CUT WIL student, Yanis Glynos, with the state-of-the-art triaxial testing equipment sponsored by Letaba Lab.

How is the SMRG approaching suction potential?

The SMRG has been working on procedures for assessing suction potential of soils quickly, easily and economically. These procedures not only appear to give good estimates of heave potential, but also of variability. Comparisons between soils from construction projects which have failed and others which have not failed suggest that variability is a very significant contributor to failure.

The SMRG is also looking into addressing the problem of heave damage by combining structural and geotechnical design. The normal method of solving the problem of heave damage is to provide a foundation stiff enough to limit distortions imposed on the superstructure to very small values. This may require raft foundations with deep and heavily reinforced stiffening beams.

A more economical solution may be to use mortar which is flexible enough to allow significant distortion in the masonry before cracking. This flexibility needs to be combined with sufficient bonding strength to the masonry units to limit separation of bricks from mortar. Unfortunately, the quality of masonry in South Africa has reached a very low level. Over-attention to minimising cost has led to extremely poor standards of brickwork in general and mortar in particular. Tests at the SMRG have found that practically none of the sand currently used for masonry in the Free State comes close to meeting the water-demand requirements of the masonry code, and hence they cannot even produce mortar with an acceptable water-cement ratio. SMRG is working on mortar mix design which can meet the requirements of the masonry code, give good bond strength and flexibility, and which can be integrated with geotechnical design to optimise the solution to the problem of heave damage.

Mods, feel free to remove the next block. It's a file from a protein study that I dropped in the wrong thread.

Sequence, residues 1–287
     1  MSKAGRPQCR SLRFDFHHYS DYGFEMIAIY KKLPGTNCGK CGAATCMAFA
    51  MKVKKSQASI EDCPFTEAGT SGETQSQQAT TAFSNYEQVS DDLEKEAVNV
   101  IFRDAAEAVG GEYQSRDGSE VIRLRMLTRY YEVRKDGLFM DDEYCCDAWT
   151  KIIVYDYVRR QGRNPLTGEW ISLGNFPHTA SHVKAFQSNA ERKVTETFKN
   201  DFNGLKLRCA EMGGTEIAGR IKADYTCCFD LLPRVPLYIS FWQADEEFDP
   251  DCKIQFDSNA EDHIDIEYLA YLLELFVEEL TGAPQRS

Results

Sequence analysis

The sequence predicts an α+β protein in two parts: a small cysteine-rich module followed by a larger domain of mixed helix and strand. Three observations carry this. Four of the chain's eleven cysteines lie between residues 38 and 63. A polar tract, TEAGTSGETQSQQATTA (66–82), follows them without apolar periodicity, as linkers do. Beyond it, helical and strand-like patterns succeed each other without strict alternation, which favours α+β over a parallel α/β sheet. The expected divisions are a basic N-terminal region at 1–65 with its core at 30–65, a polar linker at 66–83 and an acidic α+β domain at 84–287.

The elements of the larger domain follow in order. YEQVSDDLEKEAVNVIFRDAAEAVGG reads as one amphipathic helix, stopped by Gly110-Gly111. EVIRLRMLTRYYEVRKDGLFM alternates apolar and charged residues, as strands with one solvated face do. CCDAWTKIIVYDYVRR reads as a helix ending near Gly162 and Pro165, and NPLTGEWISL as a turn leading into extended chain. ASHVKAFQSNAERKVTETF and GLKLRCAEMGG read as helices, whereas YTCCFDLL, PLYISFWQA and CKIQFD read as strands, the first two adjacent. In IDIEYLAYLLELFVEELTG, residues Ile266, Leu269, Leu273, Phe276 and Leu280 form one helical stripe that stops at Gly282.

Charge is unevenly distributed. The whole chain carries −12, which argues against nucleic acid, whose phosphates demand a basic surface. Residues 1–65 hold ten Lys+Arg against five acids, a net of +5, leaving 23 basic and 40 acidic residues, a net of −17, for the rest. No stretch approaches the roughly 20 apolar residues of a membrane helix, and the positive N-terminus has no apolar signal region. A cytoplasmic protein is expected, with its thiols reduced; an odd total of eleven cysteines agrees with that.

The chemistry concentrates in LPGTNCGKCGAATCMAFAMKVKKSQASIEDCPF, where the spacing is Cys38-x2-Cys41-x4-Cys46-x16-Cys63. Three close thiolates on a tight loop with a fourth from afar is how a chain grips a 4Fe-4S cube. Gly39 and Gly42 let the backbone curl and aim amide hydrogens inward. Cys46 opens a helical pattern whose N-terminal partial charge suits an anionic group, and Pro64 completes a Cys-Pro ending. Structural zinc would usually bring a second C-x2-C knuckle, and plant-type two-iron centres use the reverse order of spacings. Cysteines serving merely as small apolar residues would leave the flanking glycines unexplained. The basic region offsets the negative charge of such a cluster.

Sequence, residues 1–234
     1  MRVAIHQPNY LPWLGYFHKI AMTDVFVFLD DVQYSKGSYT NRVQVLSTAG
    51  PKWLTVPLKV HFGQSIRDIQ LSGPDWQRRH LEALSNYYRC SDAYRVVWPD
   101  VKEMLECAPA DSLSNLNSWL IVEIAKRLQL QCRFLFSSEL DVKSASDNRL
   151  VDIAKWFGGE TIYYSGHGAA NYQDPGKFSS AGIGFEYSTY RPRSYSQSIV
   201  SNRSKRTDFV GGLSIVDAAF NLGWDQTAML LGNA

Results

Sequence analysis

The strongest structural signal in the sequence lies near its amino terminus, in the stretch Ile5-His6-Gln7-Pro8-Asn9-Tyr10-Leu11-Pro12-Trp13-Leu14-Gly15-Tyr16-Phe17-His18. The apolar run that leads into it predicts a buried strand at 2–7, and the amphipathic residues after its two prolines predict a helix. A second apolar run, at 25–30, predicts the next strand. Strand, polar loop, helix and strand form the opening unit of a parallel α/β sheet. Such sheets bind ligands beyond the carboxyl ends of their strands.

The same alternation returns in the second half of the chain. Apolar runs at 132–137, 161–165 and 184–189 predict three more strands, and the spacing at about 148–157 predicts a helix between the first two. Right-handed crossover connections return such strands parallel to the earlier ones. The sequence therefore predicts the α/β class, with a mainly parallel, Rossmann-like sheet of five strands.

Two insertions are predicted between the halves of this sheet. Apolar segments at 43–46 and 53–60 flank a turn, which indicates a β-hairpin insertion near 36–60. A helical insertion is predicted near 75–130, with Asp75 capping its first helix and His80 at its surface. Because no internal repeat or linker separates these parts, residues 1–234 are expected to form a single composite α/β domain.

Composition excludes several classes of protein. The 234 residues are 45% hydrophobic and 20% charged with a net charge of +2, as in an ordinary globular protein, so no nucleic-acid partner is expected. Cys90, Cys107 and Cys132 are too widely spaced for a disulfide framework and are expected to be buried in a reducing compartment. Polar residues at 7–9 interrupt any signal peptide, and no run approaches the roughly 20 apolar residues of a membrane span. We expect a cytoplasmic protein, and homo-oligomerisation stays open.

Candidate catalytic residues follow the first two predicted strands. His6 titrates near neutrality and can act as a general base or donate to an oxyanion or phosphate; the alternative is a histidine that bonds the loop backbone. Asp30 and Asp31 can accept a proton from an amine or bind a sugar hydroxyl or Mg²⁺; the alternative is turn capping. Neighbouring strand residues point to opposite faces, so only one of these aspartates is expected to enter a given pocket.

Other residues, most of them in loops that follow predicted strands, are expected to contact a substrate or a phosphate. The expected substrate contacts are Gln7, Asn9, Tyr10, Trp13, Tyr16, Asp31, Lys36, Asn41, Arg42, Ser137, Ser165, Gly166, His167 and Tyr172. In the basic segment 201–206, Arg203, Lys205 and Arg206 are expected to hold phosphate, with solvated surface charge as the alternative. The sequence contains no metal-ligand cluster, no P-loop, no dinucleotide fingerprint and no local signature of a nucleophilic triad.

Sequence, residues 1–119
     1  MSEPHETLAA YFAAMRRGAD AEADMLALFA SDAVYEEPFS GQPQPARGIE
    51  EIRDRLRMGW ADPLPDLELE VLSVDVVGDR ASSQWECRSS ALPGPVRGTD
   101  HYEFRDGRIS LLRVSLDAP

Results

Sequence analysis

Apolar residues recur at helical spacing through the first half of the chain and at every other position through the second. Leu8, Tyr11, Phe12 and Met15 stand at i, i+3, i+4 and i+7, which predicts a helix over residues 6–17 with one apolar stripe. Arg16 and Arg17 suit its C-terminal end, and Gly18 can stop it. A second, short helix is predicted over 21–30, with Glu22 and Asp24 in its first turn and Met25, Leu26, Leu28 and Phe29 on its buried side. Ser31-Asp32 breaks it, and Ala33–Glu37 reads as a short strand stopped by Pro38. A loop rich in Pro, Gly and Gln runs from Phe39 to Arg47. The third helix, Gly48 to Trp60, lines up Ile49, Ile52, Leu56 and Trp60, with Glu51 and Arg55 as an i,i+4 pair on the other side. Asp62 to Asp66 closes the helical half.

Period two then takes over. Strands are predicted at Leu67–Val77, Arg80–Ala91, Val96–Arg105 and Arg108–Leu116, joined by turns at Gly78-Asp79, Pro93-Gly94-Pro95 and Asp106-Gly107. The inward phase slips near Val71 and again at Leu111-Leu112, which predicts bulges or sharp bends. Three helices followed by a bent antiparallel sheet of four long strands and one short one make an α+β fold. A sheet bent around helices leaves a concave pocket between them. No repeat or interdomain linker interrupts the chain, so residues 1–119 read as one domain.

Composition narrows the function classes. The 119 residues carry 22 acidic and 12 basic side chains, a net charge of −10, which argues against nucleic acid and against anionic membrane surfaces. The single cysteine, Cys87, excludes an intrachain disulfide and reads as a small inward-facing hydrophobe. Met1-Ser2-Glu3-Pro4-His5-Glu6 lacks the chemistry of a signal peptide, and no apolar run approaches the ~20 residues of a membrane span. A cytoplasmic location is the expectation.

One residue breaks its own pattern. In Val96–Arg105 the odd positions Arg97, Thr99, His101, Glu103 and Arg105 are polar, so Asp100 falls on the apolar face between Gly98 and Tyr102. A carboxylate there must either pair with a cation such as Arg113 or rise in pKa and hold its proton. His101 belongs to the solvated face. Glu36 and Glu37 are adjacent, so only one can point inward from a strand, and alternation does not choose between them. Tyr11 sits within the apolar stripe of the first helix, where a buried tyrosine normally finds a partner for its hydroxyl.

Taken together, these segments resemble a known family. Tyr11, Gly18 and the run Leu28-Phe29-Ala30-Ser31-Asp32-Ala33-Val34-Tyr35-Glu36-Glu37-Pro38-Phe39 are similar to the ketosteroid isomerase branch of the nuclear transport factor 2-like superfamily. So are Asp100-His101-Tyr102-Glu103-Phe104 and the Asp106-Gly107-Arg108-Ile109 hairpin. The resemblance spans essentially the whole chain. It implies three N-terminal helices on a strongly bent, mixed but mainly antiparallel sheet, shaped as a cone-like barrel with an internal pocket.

Profile logging in test pits, training by GeoCalibre.

Who is part of the SMRG?

The research group currently consists of several staff members, Work Integrated Learning (WIL) students, post graduate students and one research fellow. The group works closely with the industry to ensure that practical and relevant problems are addressed in order to enhance quality of life.

Current industry partners are GeoCalibre; Letaba Lab; Protsurv; Cembric and SC Consult. We are extremely grateful for the financial and human resource inputs from our industry partners. Protsurv sponsored a training workshop to Chicago, USA, which led to a follow up workshop presented by a member of our group. Kevin Coertzen from GeoCalibre is investing a great amount of time to ensure our students are aware of the importance of geotechnical investigations. Letaba lab have sponsored all our advance geotech equipment (state of the art oedometers, shearboxes and triaxials) in order to provide an environment to test at the level required by the South African National Accreditation System (SANAS). 

International collaboration includes a MoU with the University of East London (UK) and the Royal Academy of Engineering (UK). The group also collaborates with the civil and structural engineering unit at Szecheyni Istvan University in Hungary.

CUT WIL students in class at GeoCalibre for on-site investigation training.


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CUT enquiries:

  • WIL opportunities
  • Research opportunities (M.Eng; D.Eng and Postdoc: Civil)
  • Geotechnical engineering testing related to research and/or duplicate testing (industry);
  • Online training/workshops;
  • Industry in need of WIL students on a short term (1-3 months) basis;

Contact Prof. Lize Theron, etheron@cut.ac.za

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Uploaded: 01 September 2020